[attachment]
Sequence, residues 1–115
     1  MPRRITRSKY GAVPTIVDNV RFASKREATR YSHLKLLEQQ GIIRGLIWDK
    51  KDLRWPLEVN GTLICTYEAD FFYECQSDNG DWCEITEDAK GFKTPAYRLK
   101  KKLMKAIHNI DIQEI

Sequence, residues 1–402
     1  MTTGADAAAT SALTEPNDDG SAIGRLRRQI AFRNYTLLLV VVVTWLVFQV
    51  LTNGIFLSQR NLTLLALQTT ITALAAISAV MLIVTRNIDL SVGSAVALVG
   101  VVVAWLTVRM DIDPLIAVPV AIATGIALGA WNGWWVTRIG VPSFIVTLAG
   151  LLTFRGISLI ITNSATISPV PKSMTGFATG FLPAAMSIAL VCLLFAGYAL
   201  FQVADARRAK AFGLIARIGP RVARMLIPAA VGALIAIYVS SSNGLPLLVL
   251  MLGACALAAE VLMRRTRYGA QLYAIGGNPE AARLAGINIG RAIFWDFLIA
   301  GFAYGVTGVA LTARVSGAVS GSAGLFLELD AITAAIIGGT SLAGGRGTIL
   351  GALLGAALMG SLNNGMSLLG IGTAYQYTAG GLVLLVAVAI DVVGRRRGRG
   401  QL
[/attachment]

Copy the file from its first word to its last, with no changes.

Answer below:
Sequence, residues 1–115
     1  MPRRITRSKY GAVPTIVDNV RFASKREATR YSHLKLLEQQ GIIRGLIWDK
    51  KDLRWPLEVN GTLICTYEAD FFYECQSDNG DWCEITEDAK GFKTPAYRLK
   101  KKLMKAIHNI DIQEI

Sequence, residues 1–402
     1  MTTGADAAAT SALTEPNDDG SAIGRLRRQI AFRNYTLLLV VVVTWLVFQV
    51  LTNGIFLSQR NLTLLALQTT ITALAAISAV MLIVTRNIDL SVGSAVALVG
   101  VVVAWLTVRM DIDPLIAVPV AIATGIALGA WNGWWVTRIG VPSFIVTLAG
   151  LLTFRGISLI ITNSATISPV PKSMTGFATG FLPAAMSIAL VCLLFAGYAL
   201  FQVADARRAK AFGLIARIGP RVARMLIPAA VGALIAIYVS SSNGLPLLVL
   251  MLGACALAAE VLMRRTRYGA QLYAIGGNPE AARLAGINIG RAIFWDFLIA
   301  GFAYGVTGVA LTARVSGAVS GSAGLFLELD AITAAIIGGT SLAGGRGTIL
   351  GALLGAALMG SLNNGMSLLG IGTAYQYTAG GLVLLVAVAI DVVGRRRGRG
   401  QL